What is Epidermis? - Definition, Function & Layers

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  • 0:01 What is the Epidermis?
  • 0:35 Function
  • 1:30 Layers
  • 3:38 Cells
  • 4:51 Lesson Summary
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Lesson Transcript
Wendy McDougal

Wendy has taught high school Biology and has a master's degree in education.

Expert Contributor
Christianlly Cena

Christianlly has taught college physics and facilitated laboratory courses. He has a master's degree in Physics and is pursuing his doctorate study.

In this lesson, learn what the epidermis is as well as how it functions. Discover more about it as well as explore the actual cells it is comprised of.

What is the Epidermis?

When we think of protecting our bodies from the elements, we may think of putting on a jacket, or shoes and socks. Perhaps you use sunscreen, and wear a hat and sunglasses. Fortunately, in addition to what we wear, we also have a built-in protective covering that keeps our insides safe from our external environment. Our skin, the largest organ in our body, serves this crucial purpose with a layer known as the epidermis as our first line of defense. In this lesson, we will take a closer look at this skin layer and gain an understanding of why it is so important to our body.

Function of the Epidermis

The epidermis is the outermost layer of our skin. Tough and resilient, protection is its number one job. Think of a parka you may wear in the winter. The inside is lined with soft fleece, providing a layer of warmth. But the outside is made of a strong waterproof material that lets nothing through. It is a similar situation with our own epidermis.

Cross-Section of Skin
Cross section of skin

The protective qualities of our outer layer are vast. Our epidermis is waterproof, which is why we don't swell with liquid each time we bathe. The cellular structure of the epidermis also forms a highly effective barrier against germs. When skin is healthy and intact, it is difficult for bacteria and viruses to make an entrance. In addition, cells of the epidermis have the miraculous ability to regenerate, or grow back, unlike many other cells in the body. When we suffer from a wound, healthy skin heals and replaces damaged cells with ease.

Layers of the Epidermis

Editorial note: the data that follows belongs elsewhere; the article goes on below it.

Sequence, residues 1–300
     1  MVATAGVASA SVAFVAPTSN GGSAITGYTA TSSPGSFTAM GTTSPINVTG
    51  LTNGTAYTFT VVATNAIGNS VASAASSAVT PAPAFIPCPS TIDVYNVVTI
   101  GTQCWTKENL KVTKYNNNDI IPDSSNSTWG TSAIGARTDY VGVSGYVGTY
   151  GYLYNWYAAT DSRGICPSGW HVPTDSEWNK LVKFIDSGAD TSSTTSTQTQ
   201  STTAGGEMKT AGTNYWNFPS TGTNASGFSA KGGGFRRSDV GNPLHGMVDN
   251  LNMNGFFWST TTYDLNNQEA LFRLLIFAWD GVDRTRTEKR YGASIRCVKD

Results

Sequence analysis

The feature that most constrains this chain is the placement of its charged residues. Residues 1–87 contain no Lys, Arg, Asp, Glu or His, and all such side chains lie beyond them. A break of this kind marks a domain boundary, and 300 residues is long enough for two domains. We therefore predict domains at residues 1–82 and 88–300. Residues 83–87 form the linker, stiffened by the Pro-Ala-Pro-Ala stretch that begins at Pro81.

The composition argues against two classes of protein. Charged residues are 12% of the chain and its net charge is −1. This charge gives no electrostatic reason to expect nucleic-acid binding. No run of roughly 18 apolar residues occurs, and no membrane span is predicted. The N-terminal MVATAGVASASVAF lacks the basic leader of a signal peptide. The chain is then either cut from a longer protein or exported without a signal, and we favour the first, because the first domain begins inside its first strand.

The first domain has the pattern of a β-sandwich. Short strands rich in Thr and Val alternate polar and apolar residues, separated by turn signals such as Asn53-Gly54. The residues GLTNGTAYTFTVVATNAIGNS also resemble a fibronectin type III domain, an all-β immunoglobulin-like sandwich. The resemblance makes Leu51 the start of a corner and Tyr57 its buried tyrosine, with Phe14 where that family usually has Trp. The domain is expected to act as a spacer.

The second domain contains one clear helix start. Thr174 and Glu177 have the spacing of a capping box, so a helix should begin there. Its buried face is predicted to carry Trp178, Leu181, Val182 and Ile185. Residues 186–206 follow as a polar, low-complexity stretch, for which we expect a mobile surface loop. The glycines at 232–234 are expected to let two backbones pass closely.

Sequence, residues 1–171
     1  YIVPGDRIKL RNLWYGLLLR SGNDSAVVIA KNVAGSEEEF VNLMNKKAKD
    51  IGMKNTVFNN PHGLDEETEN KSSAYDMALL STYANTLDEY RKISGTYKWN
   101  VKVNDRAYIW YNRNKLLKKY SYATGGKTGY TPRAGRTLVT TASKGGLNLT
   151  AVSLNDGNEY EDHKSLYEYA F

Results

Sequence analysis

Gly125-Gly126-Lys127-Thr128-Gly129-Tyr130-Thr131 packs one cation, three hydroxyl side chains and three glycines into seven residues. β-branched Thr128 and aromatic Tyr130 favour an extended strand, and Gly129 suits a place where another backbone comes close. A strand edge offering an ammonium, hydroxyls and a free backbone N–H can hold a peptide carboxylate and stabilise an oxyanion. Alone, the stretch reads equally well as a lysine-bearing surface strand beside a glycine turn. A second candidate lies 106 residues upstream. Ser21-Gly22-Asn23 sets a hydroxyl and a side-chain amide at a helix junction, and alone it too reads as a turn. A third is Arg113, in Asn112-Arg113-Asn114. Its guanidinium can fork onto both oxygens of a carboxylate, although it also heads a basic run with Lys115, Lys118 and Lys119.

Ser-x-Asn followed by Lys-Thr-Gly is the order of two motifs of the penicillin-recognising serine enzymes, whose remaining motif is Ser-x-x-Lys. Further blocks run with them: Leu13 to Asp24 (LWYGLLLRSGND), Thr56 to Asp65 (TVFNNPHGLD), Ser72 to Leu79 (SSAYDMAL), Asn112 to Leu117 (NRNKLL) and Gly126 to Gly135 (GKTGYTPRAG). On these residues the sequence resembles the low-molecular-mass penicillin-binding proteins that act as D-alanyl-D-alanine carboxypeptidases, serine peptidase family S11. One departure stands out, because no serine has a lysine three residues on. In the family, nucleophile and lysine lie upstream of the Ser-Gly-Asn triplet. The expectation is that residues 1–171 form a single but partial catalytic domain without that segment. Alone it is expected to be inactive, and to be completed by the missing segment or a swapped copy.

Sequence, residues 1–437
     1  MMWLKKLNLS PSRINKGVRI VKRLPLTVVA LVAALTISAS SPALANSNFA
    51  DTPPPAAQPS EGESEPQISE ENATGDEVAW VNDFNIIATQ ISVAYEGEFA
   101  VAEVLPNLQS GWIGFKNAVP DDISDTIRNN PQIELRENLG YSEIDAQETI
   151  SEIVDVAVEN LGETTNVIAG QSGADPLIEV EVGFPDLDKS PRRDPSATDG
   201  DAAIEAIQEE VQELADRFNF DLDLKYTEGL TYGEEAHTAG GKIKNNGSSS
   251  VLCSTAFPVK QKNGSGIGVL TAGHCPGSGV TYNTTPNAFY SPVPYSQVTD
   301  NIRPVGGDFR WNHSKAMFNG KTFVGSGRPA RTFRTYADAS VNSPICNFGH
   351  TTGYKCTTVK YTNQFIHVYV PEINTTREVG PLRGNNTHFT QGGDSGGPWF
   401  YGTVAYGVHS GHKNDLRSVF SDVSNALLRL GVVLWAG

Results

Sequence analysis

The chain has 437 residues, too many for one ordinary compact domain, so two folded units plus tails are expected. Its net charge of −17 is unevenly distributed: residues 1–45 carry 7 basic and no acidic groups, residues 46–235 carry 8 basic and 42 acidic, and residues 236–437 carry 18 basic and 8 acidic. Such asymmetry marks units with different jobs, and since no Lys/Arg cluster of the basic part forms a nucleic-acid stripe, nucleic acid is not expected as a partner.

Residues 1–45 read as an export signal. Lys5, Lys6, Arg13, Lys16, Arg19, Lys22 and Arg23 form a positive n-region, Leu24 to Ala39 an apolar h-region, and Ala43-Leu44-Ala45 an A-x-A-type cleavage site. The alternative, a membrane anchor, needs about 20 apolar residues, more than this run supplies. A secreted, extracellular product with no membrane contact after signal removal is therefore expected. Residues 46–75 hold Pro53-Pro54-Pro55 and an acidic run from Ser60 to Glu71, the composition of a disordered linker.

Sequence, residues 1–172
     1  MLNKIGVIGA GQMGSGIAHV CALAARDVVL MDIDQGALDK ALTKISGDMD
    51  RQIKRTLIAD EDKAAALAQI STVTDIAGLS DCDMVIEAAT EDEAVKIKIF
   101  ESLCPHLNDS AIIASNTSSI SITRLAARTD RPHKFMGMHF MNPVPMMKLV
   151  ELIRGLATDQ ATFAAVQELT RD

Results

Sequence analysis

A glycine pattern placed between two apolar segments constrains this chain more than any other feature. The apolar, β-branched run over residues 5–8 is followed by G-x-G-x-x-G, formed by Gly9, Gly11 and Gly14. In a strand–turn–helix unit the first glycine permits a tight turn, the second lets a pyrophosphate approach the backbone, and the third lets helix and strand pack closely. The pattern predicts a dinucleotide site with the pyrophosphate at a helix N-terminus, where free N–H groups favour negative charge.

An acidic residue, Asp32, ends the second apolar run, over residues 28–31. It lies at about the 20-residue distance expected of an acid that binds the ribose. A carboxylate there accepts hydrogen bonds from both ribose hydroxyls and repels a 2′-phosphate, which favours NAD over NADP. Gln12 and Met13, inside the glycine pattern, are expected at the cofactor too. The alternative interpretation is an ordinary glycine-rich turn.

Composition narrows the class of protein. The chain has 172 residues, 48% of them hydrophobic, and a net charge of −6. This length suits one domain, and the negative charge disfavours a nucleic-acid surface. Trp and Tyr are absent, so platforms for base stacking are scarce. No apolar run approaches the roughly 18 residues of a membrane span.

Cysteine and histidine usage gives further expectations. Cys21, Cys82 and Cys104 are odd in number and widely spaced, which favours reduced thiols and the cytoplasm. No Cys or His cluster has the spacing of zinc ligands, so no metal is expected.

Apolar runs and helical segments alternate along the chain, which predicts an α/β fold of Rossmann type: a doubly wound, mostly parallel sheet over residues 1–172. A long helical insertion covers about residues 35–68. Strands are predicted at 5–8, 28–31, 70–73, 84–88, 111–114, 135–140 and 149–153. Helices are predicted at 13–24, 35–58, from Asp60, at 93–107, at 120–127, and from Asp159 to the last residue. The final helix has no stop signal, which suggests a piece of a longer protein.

The epidermis is composed of four main strata, or layers. The outermost layer is called the stratum corneum, which is Latin for ''horny layer.'' While we aren't literally covered in horny scales, this layer is tough nonetheless. It also varies in thickness depending on the body part it covers. If you often go barefoot, the stratum corneum on the sole of your foot is probably quite thick. Compare that to the skin on your eyelids and you can see the drastic difference.

Layers of the Epidermis

If we were to take a closer look, we find that the stratum corneum is composed almost exclusively of dead cells. It may come as no surprise that we lose skin cells on a regular basis. In fact, the dead cells of the stratum corneum slough off so often that we end up with a completely new outer layer about every 35 days.

And how, you may be wondering, do we have any skin left if we are always losing cells? This is where the stratum basale comes in. Just as its name suggests, it is the base or deepest layer of the epidermis. A cell-producing factory, the basale layer contains stem cells which are constantly dividing to make new ones. These fresh new cells make their way up to the stratum corneum to replace those that have sloughed off. This cycle runs on a continual basis, keeping our epidermis healthy and strong.

Cross-Section of Epidermis under Microscope
Cross-Section of Epidermis

Two additional layers are sandwiched between the stratum corneum and stratum basale. The stratum spinosum borders the stratum basale. Here we find spiny keratinocytes that help bond other cells together. Finally, the stratum granulosum lies beneath the stratum corneum. Cells in this layer produce a waxy material that aids in waterproofing the skin.

While most of our body's epidermis is made up of four layers, on the palms of our hands and the soles of our feet, there is one extra layer of skin. The stratum lucidum is a translucent layer that provides extra thickness to these areas of the skin.

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Additional Activities

Crossword Puzzle on the Definition, Functions, and Layers of an Epidermis


This activity is linked to the lesson on the role of the epidermis in the skin. For this activity, complete the crossword by filling in a word that fits each of the given clues. You can right-click the crossword to save the image and print it. With a pencil and an eraser, neatly write your answers in the boxes provided.


3. This protein is a key structural material found in the stratum corneum.

6. A waterproof layer of the skin which serves as the first line of protection against germs.

9. A tough layer of the epidermis that sheds about every 35 days.

10. The largest organ in the body which consist of stratified epithelial cells.


1. Damaged cells in the epidermis are easily _____ with new ones.

2. Cells that help regulate the immune system.

4. Keratinocytes reside in this layer of the skin, sandwiched between the stratum corneum and stratum basale.

5. The foundation of the epidermis that contains constantly dividing stem cells.

7. A natural pigment that protects the skin from intense ultraviolet radiation.

8. It is a thin, translucent layer that lowers the friction in the palm and soles in the feet.

Answer Key

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